The problem

People with convictions are largely drawn from the same groups UCAS and the government call “disadvantaged” – i.e. those least likely to progress to university. Evidence shows that some groups are disproportionately criminalised: BAME people, care leavers, people from low income households and people with learning difficulties and/or disabilities. Along with mature students and first-in-family, these groups are under-represented at university. Despite education being widely recognised as a key factor in successful rehabilitation, benefiting people with convictions, their families, communities and the institution itself, current admissions policies present serious psychological and practical challenges to access. This is a widening participation issue.

People with convictions are discouraged from applying. Until this year, UCAS had a tick-box on its application form requiring every applicant to a university in the UK to disclose “relevant unspent convictions”. This discouraged people with a criminal record from applying. It’s what research from the State University of New York (SUNY) calls a “chilling effect” – discouraging people from completing the application process – and it’s why SUNY has removed the box from its forms.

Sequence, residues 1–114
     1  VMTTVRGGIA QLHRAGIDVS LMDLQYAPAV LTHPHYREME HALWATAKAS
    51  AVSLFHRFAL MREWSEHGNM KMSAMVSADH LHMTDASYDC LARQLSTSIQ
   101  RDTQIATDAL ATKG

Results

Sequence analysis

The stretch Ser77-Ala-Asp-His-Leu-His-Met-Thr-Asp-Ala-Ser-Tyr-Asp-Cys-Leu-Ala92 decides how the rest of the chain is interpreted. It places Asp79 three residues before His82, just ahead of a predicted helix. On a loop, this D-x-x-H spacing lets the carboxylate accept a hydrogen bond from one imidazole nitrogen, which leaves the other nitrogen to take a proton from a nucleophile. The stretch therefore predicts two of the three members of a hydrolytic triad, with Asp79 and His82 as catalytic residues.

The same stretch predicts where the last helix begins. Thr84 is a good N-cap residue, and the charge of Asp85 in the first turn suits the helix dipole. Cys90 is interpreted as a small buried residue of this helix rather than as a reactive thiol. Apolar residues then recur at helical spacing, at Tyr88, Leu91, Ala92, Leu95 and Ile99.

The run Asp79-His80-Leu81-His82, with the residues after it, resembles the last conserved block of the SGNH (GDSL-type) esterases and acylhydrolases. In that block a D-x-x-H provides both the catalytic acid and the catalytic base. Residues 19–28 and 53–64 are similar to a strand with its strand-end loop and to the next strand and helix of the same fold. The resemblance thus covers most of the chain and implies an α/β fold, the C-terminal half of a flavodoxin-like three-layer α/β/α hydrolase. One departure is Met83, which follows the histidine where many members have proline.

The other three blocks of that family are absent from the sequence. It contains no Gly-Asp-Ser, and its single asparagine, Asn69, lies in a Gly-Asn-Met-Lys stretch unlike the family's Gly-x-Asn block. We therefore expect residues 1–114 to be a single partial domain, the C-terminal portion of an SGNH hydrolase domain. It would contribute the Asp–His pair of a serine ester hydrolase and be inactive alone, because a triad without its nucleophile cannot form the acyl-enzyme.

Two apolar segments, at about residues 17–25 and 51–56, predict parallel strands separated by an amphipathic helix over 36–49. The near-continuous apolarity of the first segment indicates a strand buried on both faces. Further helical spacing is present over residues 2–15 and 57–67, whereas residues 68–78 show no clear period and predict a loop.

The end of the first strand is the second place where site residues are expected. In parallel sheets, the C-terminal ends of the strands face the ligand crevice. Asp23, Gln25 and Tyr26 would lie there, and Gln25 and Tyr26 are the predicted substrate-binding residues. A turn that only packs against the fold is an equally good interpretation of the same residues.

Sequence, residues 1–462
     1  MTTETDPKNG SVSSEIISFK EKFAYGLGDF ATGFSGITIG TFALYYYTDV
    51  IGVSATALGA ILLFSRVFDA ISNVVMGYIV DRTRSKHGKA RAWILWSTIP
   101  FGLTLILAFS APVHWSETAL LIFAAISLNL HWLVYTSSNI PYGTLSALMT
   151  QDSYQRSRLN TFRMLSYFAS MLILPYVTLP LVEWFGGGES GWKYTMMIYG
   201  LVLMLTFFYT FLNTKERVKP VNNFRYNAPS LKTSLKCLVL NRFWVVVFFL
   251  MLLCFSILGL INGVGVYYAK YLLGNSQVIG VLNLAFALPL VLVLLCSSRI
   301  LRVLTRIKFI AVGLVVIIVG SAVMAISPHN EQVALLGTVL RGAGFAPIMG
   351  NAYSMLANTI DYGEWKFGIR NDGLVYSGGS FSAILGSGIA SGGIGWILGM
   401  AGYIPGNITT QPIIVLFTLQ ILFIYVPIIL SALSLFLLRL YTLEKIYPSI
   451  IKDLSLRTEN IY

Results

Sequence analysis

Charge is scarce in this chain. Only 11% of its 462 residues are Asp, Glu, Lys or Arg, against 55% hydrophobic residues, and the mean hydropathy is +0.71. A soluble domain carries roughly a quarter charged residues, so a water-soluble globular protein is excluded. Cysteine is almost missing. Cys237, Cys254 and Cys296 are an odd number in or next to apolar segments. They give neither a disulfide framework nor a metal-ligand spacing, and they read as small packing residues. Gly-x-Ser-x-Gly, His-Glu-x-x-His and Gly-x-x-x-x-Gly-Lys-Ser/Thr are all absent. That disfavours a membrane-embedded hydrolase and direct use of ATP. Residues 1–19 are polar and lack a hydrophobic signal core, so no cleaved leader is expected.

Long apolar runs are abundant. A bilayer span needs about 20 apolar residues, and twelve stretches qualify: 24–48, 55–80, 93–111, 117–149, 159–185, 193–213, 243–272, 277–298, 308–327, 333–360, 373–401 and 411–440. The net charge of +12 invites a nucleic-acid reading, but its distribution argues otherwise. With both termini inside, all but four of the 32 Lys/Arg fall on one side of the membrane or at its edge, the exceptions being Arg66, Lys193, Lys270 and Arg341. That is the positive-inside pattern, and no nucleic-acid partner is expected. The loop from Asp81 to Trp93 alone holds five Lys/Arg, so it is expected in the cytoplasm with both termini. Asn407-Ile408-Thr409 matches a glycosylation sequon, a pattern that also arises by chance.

Almost half the prison population left school with no qualifications, 42% were permanently excluded and nearly a quarter (compared with 2% of the general population) have spent time in the care system as children. University applicants who have spent time in prison have overcome huge educational, practical and psychological obstacles to even be in a position to apply. Access to higher education is a social mobility issue.